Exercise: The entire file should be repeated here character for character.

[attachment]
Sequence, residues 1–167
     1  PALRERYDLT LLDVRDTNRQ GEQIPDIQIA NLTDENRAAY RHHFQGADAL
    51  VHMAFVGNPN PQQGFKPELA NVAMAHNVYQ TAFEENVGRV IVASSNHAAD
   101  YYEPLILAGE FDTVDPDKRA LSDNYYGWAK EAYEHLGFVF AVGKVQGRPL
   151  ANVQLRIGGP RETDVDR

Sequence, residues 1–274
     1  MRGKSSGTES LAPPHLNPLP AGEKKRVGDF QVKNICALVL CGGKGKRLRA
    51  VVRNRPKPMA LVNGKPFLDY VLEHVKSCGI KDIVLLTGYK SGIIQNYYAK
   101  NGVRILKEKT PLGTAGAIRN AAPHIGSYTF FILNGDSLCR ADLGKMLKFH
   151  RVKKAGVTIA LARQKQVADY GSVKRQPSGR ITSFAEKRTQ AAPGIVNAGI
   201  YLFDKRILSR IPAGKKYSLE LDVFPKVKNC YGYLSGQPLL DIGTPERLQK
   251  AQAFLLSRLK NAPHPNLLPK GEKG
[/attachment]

Sequence, residues 1–167
     1  PALRERYDLT LLDVRDTNRQ GEQIPDIQIA NLTDENRAAY RHHFQGADAL
    51  VHMAFVGNPN PQQGFKPELA NVAMAHNVYQ TAFEENVGRV IVASSNHAAD
   101  YYEPLILAGE FDTVDPDKRA LSDNYYGWAK EAYEHLGFVF AVGKVQGRPL
   151  ANVQLRIGGP RETDVDR

Sequence, residues 1–274
     1  MRGKSSGTES LAPPHLNPLP AGEKKRVGDF QVKNICALVL CGGKGKRLRA
    51  VVRNRPKPMA LVNGKPFLDY VLEHVKSCGI KDIVLLTGYK SGIIQNYYAK
   101  NGVRILKEKT PLGTAGAIRN AAPHIGSYTF FILNGDSLCR ADLGKMLKFH
   151  RVKKAGVTIA LARQKQVADY GSVKRQPSGR ITSFAEKRTQ AAPGIVNAGI
   201  YLFDKRILSR IPAGKKYSLE LDVFPKVKNC YGYLSGQPLL DIGTPERLQK
   251  AQAFLLSRLK NAPHPNLLPK GEKG